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Tue Sep 3, 2019, 01:54 PM

University of Oregon: New photography exhibit celebrates LGBTQIA rodeo culture

New photography exhibit celebrates LGBTQIA rodeo culture

August 30, 2019 - 5:00am

Saddle up, everyone. It’s rodeo time at the Museum of Natural and Cultural History.

Next month, the museum welcomes visitors to the grand opening of “Blake Little: Photographs from the Gay Rodeo,” a traveling exhibit from ExhibitsUSA and the Mid-America Arts Alliance. Featuring 41 black-and-white images, the exhibit blends classic portraiture, sport photography and authentic rodeo swag to spotlight a time-honored LGBTQIA tradition within the collective heritage of the American West.

The opening celebration is set for Saturday and Sunday, Sept. 7 and 8, from 11 a.m. to 5 p.m. at the museum on the UO campus.

Developed at the Eiteljorg Museum of American Indians and Western Art in Indianapolis, Indiana, the exhibit explores the diverse and complex natures of individual and community identity in Western rural culture. Taken between 1988 and 1992 at events from Oklahoma to California, the collected body of images combines the action of riding, roping and chute dogging with intimate views into the lives of rodeo participants, examining themes of competition and community and inviting an expansive redefinition of cowboy and cowgirl identities.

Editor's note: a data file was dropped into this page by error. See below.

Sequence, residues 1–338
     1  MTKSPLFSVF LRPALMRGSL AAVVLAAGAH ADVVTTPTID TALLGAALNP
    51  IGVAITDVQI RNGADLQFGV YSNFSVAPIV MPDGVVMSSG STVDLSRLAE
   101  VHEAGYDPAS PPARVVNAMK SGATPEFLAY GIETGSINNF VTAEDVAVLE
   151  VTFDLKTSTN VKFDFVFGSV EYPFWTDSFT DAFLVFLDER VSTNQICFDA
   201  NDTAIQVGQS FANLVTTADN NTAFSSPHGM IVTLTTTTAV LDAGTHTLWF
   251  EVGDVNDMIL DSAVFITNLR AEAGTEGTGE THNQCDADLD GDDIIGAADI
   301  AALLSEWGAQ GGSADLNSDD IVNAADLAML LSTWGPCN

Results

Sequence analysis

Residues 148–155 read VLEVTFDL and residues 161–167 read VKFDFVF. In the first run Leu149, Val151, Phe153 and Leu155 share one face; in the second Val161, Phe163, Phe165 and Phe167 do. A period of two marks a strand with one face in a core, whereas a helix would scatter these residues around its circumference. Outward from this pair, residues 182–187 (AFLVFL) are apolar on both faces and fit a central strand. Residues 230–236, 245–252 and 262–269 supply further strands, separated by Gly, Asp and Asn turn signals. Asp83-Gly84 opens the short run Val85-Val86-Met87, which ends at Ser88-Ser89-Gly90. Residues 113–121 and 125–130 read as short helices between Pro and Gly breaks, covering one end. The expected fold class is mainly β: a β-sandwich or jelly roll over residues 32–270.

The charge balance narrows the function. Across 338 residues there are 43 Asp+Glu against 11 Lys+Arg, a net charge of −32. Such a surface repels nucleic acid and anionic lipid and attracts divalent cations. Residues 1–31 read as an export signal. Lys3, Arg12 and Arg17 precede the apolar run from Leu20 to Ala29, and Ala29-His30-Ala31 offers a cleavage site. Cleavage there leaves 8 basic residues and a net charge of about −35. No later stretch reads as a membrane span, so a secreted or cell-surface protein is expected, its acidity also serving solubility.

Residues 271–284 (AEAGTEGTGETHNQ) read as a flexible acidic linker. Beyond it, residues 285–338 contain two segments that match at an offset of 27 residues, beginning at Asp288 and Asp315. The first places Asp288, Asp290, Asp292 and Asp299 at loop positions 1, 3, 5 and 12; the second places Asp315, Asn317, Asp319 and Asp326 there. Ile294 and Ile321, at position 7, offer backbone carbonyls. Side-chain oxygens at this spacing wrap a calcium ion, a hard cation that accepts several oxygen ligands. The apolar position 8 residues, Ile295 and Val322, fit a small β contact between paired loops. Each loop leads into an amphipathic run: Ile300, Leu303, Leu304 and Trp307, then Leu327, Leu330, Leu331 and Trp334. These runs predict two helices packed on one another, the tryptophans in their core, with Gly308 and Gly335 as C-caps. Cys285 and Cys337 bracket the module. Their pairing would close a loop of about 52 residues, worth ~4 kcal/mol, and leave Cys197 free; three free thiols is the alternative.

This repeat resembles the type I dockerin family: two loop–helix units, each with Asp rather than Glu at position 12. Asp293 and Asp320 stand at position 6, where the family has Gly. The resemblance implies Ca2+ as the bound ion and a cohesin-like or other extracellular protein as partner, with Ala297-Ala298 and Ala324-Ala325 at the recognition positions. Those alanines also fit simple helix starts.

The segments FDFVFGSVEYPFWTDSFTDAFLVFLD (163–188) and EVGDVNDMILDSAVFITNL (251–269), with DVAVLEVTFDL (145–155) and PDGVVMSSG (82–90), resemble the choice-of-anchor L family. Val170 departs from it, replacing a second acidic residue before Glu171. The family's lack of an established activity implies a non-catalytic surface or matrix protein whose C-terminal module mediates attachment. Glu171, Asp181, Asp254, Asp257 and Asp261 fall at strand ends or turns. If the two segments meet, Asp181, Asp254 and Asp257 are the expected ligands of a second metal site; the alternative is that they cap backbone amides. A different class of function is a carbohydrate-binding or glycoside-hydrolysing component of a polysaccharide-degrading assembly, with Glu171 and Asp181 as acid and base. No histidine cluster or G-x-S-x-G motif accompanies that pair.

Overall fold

“Gay rodeo dramatically reveals an integral part of Western community,” said Craig Miller, a Utah-based folklorist who will come to campus this fall in connection with the exhibit. “It also celebrates the fusion of seemingly disparate cultures: the courage, humor and expression of urban gay America with the grit of rural cowboy heritage.”

Born and raised in Seattle, Blake Little attended his first gay rodeo in 1988.

“The sport, camaraderie and atmosphere of this first rodeo experience transformed me,” he said. “I was completely drawn to it and I had to be a part of it. I wanted to be a cowboy.”

Over the next several years he became increasingly involved in the gay rodeo community and the International Gay Rodeo Association.

“These photographs represent an amazing, magical time in my life,” he said. “Back then, I questioned if I was a ‘real’ cowboy because in the back of my mind I always felt like an observer, and photography was my first passion. But my unique situation allowed me to document the growing sport of gay rodeo from the inside along with the thrills and personal challenges of fulfilling my cowboy dreams.”

Also included in the exhibit are rodeo posters, belt buckles and other commemorative objects that add to the larger story of American gay rodeo from its beginnings in the 1970s.

—By Kristin Strommer, Museum of Natural and Cultural History

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